Wrap It Up
Wrap it Up investigates how a small forest cabin can have the smallest impact on the ecosystem while providing adequate space for living. By combining eager youthful ingenuity, fundamental historical practices, and sustainable principles, this small structure camouflages itself to become part of the forest in which it is embedded.
This building is designed to maximize interior living space while minimizing build time and construction costs. Standard lumber and plywood sheet sizes act as building blockings that drives the design, instead of cover it. The pentagon shape is derived from the dimension of a standard sheet of plywood. One sheet can span an entire side, creating less waste material. Space is not lost due to the reduced floor area, instead you gain space vertically, having more then enough width for two beds to flank the stove one meter high in the space. Raising the structure off the ground (min 50mm) allows for less of an impact on ecological life and keeps the structure dry. The envelope of the building is strong and well insulated to keep warmth in in the winter, but allow for air to circulate in the summer. Air spaces between the exterior cladding and weather barrier allow for drying. This space will fill with snow during the winter months and hold it as additional insulation that will melt away when the weather warms up. A vestibule creates a double door effect reducing the amount of heat lost when opening the door . This also becomes a good space to store split logs for the fire, wet boots, and hang wet jackets. The interior space is primarily dedicated to sleep and rest, leaving the focus on the beautiful surrounding forest.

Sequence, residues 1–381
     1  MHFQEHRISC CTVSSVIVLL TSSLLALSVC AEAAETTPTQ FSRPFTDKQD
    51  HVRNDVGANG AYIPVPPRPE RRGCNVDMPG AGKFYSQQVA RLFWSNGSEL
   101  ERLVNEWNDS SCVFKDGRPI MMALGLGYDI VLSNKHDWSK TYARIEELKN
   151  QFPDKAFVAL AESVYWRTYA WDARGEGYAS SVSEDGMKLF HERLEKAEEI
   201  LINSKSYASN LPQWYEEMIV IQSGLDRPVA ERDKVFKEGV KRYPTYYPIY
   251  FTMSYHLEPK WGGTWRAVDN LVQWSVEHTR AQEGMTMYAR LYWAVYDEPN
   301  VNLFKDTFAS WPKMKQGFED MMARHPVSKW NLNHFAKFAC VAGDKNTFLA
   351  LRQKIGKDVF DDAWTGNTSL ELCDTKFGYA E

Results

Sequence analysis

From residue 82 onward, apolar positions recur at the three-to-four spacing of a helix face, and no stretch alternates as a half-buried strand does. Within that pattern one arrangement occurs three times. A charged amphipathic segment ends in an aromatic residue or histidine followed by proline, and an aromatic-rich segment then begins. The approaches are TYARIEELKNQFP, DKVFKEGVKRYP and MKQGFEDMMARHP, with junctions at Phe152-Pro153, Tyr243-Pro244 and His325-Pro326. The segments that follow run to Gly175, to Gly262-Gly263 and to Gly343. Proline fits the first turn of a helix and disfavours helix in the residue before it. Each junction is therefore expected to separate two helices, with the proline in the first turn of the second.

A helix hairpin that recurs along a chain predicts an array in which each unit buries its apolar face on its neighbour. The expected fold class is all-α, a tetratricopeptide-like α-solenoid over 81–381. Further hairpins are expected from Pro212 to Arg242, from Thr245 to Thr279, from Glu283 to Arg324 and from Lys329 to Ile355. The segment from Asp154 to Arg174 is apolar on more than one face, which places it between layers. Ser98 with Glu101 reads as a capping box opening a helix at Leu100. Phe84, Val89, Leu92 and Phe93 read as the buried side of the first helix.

7 scanned / 6 viewable
- Axonometric Drawing